Early-Crüe type snarl polished like a new Ferrari.
76. “Let Us Prey,” Generation Swine (1997)
Most of the track sounds like a steel-cage wrestling match between Pantera and Nine Inch Nails before Soundgarden breaks the fight up during the coda.
75. “White Trash Circus,” Saints of Los Angeles (2008)
A swaggering, staggering Mötley biopic in the form of a three-minute rock track.
74. “Beauty,” Generation Swine (1997)
The Crüe splices rubbery modern R&B touches into their Hollywood sex-rock.
73. “1st Band on The Moon,” New Tattoo (2000)
The rumbling intro and opening riffs to supergroup Velvet Revolver’s debut single “Slither,” released four years later, bear a striking resemblance to those here.
72. “Dragstrip Superstar,” New Tattoo (2000)
Convincing grunge-pop, propelled by late drummer Randy Castillo, who stood in for Tommy Lee on the New Tattoo LP.
71. “Chicks = Trouble,” Saints of Los Angeles (2008)
Given the band who recorded it and their back history, if this title doesn’t make you smile or laugh you need to lighten up. Plus, the band stomps furiously on the track.
70. “Glitter,” Generation Swine (1997)
Always wanted to hear Vince Neil croon an atmospheric synth-pop ballad? Here’s your chance.
69. “Mutherfucker of the Year,” Saints of Los Angeles (2008)
Lee, Mars and Sixx rain down savage, post-industrial hard-rock. Meanwhile, Neil does some nice vowel-stretching during that “Here I am again” part in the chorus.
68. “White Punks on Dope,” New Tattoo (2000)
This 1975 Tubes tune was destined to be Crüe-ed. Mötley’s version ups the glam and slam and evokes “Fox on the Run” faves Sweet.
67. “Generation Swine,” Generation Swine (1997)
The skittering guitars and Scott Weiland-ish verse melody proved 15 years after their major label debut LP, Mötley could still find new scars to pick at.
66. “Rodeo,” Girls, Girls, Girls (reissues 1999 and on)
For Mötley Crüe, “Rodeo” plays like a Saturday Night Live sketch skewering Bon Jovi’s “Wanted Dead or Alive.” For some hunky young Nashville fella, this “Girls, Girls, Girls” outtake would likely be a country chart-topper.
65. “Fight for Your Rights,” Theatre of Pain (1985)
Come for the bludgeoning rhythm track, ideally suited for getting wasted to and crushing beer cans on the side of your head. Stay for surprisingly socially conscious lyrics like, “Martin Luther brought the truth/The color of our blood's the same/So break the chains and solve the pains/And we all become one race.”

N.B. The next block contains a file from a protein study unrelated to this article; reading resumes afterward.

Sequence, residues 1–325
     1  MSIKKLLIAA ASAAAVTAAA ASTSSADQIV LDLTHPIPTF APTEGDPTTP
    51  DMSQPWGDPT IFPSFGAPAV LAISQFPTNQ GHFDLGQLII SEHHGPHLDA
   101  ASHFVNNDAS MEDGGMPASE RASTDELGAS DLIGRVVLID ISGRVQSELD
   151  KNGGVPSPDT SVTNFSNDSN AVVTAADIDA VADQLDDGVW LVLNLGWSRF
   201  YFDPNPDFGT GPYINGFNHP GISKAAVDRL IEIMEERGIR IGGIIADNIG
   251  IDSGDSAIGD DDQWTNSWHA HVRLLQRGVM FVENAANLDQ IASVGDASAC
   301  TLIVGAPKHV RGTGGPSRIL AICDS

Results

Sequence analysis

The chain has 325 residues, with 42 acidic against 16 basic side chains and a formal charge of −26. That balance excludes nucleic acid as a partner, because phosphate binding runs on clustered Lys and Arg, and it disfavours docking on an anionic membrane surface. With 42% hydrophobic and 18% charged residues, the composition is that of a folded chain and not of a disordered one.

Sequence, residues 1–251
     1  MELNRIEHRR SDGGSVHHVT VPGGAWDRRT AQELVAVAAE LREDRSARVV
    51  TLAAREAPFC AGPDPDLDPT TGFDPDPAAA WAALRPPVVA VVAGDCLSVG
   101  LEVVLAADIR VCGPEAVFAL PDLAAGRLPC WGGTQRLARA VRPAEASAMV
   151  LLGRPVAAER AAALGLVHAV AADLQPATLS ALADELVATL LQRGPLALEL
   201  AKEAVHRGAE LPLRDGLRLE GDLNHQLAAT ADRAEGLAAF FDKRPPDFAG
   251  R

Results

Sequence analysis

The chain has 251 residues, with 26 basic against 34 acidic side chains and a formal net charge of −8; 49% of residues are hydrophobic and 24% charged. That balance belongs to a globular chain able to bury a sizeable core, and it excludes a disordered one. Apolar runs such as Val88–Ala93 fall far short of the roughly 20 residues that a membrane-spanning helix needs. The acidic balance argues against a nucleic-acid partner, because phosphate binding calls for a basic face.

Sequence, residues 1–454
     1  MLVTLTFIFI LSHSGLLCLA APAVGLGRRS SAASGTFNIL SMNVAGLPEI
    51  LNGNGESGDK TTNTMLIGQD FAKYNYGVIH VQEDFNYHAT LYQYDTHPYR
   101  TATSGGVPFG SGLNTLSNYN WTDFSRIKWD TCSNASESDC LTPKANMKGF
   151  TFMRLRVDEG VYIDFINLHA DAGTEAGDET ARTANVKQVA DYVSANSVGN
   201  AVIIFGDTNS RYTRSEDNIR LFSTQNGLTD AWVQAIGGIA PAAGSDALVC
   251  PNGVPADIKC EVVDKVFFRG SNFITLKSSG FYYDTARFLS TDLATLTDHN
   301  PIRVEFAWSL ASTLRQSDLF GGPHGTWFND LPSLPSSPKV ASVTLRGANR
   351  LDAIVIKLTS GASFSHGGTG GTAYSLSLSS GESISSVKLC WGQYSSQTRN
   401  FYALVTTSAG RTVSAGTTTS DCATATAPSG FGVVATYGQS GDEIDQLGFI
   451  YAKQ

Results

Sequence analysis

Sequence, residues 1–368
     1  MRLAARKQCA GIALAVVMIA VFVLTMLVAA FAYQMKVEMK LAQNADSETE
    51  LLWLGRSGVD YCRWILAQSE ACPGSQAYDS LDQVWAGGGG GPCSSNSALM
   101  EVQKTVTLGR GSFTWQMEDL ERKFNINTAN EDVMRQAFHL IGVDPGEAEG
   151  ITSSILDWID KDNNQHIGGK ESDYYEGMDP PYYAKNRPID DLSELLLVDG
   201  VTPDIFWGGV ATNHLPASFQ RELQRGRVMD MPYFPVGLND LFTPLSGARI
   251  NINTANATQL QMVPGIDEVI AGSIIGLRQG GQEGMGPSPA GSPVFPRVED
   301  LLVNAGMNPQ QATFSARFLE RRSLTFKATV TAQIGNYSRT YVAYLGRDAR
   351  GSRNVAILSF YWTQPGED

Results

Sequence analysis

64. “Confessions,” Generation Swine (1997)
Somewhere between Alanis Morissette and “Werewolves of London.”
63. “Tonight (We Need a Lover),” Theatre of Pain (1985)
Pollution-distortion guitar bordering on thrash.
62. “If I Die Tomorrow,” Red, White & Crue (2005)
The nu-metal production feels like it was test-marketed to determine the best way to get Mötley on 21st century radio. Well, it succeeded. “If I Die Tomorrow” penetrated the mainstream rock chart’s upper regions.
61. “Afraid,” Generation Swine (1997)
The sonic equivalent of the band dressing up as Smashing Pumpkins for Halloween.
60. “Rocketship,” Generation Swine (1997)
A rare lead vocal from Nikki Sixx. “Rocketship” seemed to draw equally from Bowie’s “Space Oddity” and Marc Bolan’s freak-folk. A stylistic departure that was no doubt a struggle for Crüe fans weaned on “Dr. Feelgood” and “Girls, Girls, Girls” to process.
59. “Down at the Whisky,” Saints of Los Angeles (2008)
Mötley summons up some of that “Same Old Situation”-style sugar-crunch.
58. “Keep Your Eye on the Money,” Theatre of Pain (1985)
Mötley Crüe was regularly compared to Kiss early in their career. You can certainly hear a few “Strutter” guitar licks here.
57. “Jailhouse Rock,” Girls, Girls, Girls (1987)
Mötley Crüe is no stranger to incarceration. And this amphetamine-paced Elvis cover, the closing track on Girls, Girls, Girls, had appeared in their set lists dating back to their earliest shows.
56. “Fake,” New Tattoo (2000)
Self-referencing rock songs are typically more palatable when they’re detailing a scrappy new band’s travails, instead of a veteran act crowing about the millions of records they’ve sold. But this music-biz kiss-off makes it work, with venomous chug and an anthemic chorus
55. “Anybody Out There?”, Generation Swine (1997)